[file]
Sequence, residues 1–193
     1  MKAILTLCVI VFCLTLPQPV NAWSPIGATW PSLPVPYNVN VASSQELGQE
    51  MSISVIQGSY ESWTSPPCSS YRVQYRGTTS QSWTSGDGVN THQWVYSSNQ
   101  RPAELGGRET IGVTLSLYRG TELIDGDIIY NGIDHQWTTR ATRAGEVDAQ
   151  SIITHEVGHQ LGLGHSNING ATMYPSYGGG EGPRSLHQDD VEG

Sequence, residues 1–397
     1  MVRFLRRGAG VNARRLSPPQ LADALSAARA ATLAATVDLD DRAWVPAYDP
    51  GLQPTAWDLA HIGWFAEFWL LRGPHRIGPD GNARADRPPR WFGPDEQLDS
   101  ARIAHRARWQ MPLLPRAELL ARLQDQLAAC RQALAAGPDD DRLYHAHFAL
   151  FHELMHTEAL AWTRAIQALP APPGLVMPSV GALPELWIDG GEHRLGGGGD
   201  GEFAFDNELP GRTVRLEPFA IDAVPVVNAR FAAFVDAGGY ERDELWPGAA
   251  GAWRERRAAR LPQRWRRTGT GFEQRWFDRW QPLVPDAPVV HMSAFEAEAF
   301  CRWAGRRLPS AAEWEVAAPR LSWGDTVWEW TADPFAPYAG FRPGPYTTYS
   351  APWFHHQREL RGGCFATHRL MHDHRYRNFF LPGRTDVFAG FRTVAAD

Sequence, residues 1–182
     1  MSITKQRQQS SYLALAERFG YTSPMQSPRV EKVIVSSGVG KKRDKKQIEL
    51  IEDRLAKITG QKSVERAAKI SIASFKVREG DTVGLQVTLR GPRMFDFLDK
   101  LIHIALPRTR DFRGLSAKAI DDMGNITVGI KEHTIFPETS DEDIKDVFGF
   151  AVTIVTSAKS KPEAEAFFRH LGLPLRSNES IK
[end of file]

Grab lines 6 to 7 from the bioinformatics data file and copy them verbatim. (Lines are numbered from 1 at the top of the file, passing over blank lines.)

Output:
Sequence, residues 1–397
     1  MVRFLRRGAG VNARRLSPPQ LADALSAARA ATLAATVDLD DRAWVPAYDP